- Scholastic: Book publisher with 13 boards and almost 3K followers. Pins Scholastic products, book images, as well as libraries, book decorating, wise words and more.
Q3: How Can Pinterest Benefit my Brand?
More and more businesses are catching on to the great potential Pinterest represents for their brands. Have you thought about how Pinterest can benefit you? Consider these perks:
- Increased Exposure: It’s the basic law of social networking and information sharing—when users share your content with their friends, they expand the reach of your influence. As people pin from your brand, they expose it to more and more users.
- New Traffic: One of the best parts of more exposure is that it often means more traffic. As users are pinning images from your site and sharing them with friends, they’re essentially pointing people back to your website.
- Enhanced Branding: Pinterest, like other social network channels, is another way to reinforce your brand messaging online, along with Facebook and Twitter and other sites. As users come to see you in more and more places online, they get a more solidified sense of what you offer.
Q4: Once I’m on, What Do I Need to Know about Pinning?
Once you see the value of Pinterest, what can you do about it? What do you need to know about pinning? Here are a few tips!
- Pin Interesting Things: Once you’ve set up a Pinterest account with your name and a relevant description of what you do, resist the urge to only pin self-promoting material or products. You can (and should) pin your content, but it’s important that you do it with care so as not to seem overly promotional, something not looked on favorably by Web users. Pin what you find interesting and what will be valuable to your followers.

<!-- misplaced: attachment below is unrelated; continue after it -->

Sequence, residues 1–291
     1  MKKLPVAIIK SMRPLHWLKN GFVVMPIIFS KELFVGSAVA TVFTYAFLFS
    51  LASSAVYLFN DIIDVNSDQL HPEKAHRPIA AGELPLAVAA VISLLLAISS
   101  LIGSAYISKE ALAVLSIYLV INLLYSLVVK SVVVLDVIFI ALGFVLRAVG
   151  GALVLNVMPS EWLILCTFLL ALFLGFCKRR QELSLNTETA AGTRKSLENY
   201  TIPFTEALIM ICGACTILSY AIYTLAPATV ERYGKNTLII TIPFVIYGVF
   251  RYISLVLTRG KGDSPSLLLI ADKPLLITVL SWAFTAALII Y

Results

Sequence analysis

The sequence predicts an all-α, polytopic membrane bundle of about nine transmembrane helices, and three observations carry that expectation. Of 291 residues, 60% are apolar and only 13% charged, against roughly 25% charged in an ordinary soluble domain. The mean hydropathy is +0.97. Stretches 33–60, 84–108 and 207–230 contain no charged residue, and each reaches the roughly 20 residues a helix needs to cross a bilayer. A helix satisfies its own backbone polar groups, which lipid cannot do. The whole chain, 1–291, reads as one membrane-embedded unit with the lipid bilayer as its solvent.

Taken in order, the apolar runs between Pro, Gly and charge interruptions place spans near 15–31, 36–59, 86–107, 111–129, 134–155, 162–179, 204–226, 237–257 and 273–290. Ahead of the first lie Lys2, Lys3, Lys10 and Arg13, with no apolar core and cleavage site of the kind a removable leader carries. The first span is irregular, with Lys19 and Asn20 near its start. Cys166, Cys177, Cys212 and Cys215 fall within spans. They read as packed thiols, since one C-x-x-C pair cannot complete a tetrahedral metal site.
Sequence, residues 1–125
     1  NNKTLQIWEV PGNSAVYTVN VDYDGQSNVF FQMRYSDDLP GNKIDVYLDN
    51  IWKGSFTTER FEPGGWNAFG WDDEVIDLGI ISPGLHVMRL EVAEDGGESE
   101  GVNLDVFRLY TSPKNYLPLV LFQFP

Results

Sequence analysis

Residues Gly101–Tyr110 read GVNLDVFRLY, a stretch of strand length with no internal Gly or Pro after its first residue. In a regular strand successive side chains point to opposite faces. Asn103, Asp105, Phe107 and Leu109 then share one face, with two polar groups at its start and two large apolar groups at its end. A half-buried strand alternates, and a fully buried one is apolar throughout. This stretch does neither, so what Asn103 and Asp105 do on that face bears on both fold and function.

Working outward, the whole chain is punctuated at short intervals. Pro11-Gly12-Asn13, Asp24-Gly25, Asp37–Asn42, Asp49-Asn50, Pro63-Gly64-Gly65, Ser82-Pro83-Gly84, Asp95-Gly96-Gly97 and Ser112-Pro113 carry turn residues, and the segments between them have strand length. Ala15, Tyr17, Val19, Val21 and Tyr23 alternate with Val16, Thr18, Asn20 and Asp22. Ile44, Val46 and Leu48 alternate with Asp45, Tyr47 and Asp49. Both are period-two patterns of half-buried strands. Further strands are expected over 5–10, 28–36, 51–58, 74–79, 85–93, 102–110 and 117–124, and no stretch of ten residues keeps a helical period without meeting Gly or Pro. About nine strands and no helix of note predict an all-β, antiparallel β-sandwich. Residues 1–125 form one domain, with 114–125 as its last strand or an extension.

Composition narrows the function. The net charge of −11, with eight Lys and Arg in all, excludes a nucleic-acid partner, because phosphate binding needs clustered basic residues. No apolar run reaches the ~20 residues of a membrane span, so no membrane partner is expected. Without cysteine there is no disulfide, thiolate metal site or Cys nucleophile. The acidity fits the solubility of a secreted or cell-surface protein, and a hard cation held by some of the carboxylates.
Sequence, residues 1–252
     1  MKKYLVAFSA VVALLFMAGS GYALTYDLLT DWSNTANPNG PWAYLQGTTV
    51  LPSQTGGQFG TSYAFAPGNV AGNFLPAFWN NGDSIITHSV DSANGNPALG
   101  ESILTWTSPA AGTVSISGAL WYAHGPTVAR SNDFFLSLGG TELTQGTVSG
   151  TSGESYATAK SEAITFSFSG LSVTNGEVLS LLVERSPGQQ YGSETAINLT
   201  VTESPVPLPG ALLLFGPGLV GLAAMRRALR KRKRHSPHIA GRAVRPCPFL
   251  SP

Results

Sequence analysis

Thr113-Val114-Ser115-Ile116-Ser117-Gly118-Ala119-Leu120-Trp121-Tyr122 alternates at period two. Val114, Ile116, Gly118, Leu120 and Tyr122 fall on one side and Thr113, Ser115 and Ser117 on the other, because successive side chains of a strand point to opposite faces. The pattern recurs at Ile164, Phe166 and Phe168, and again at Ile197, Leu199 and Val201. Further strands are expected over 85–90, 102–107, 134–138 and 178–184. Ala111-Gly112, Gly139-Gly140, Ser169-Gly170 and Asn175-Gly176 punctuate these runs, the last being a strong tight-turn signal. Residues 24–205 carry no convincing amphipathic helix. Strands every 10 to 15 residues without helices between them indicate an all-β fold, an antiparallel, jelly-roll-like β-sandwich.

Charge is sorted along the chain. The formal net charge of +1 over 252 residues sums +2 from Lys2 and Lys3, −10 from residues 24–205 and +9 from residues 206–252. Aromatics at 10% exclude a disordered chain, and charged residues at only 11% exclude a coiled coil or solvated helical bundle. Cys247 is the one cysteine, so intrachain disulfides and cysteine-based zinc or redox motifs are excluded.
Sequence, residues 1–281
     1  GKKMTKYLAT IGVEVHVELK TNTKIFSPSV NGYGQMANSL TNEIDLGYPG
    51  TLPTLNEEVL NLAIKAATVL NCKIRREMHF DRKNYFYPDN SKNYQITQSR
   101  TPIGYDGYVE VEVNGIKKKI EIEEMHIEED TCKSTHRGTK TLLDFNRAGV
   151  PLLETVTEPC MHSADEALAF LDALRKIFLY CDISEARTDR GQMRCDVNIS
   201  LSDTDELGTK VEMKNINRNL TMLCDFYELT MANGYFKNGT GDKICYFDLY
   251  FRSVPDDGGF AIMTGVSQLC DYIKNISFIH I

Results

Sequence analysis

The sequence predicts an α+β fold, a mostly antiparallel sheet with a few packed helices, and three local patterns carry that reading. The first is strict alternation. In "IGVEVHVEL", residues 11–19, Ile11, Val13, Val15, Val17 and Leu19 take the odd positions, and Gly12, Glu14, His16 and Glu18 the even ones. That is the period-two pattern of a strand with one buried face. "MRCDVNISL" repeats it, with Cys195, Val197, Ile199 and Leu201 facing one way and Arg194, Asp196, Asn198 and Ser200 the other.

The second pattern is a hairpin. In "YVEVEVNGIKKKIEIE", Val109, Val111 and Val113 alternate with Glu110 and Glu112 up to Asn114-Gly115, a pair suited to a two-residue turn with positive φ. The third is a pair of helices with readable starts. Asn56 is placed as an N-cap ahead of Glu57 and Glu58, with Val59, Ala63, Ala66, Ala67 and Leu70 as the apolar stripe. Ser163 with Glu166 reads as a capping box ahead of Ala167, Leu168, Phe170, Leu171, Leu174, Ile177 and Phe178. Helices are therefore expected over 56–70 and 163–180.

- Pin from the Original Source: Any time when you pin an image on Pinterest, make sure you’re linking it back to the original source. Not only will this respect the person whose content you’re pinning, but also it will make you seem more credible as well.
- Be Visually Pleasing: In a Pinterest culture, looks matter. Make sure your site has attractive images that will be pinnable by users.
- Connect: All social media relies on connections, and that’s as true of Pinterest as it is anywhere else. Look for ways to build connections with customers through creative boards, regular interaction on your and others’ pins, etc.
Q5: Is Pinterest Copyright Infringement?
Even if you aren’t active on Pinterest, you may be aware of one of the biggest controversies surrounding the network in recent months: the issue of copyright infringement. When users sign up on Pinterest, they agree to a terms of service that, some say, makes it OK to pin content without the owner’s permission or, in other words, that makes stealing content OK.
One of the most publicized articles about this issue came from photographer and lawyer Kirsten Kowalski, who announced she was deleting all her boards because she saw a legitimate grounds for someone suing a Pinterest user for copyright infringement. Kowalski later wrote to say that Pinterest’s Ben Silbermann called her personally to discuss the issue and indicated changes were coming.
Currently, Pinterest says most content creators respond positively to having their work pinned, knowing it brings traffic to their sites and increases their exposure. Nonetheless, Pinterest offers a “nopin” code that can be added to sites by owners to protect their work from being shared; likewise, it’s partnered wtih Flickr to make sure photos receive proper attribution or are protected from being pinned if the owner wishes.